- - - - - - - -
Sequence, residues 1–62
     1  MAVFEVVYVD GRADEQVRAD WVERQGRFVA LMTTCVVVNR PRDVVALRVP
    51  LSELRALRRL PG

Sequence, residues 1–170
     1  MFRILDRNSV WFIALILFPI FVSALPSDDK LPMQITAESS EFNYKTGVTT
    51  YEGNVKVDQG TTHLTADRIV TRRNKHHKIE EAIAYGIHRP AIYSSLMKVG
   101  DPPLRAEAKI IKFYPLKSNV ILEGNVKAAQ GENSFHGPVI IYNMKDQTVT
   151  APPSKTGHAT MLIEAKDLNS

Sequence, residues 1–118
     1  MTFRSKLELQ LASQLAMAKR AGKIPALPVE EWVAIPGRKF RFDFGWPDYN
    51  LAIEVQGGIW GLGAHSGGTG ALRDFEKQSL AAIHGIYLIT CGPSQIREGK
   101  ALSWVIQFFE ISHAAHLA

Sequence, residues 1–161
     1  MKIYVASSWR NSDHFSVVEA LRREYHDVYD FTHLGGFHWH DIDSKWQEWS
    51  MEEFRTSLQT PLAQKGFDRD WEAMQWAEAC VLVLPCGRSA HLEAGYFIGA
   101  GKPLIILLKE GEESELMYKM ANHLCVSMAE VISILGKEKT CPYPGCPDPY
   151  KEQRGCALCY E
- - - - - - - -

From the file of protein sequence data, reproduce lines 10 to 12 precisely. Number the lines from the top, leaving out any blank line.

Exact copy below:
     1  MTFRSKLELQ LASQLAMAKR AGKIPALPVE EWVAIPGRKF RFDFGWPDYN
    51  LAIEVQGGIW GLGAHSGGTG ALRDFEKQSL AAIHGIYLIT CGPSQIREGK
   101  ALSWVIQFFE ISHAAHLA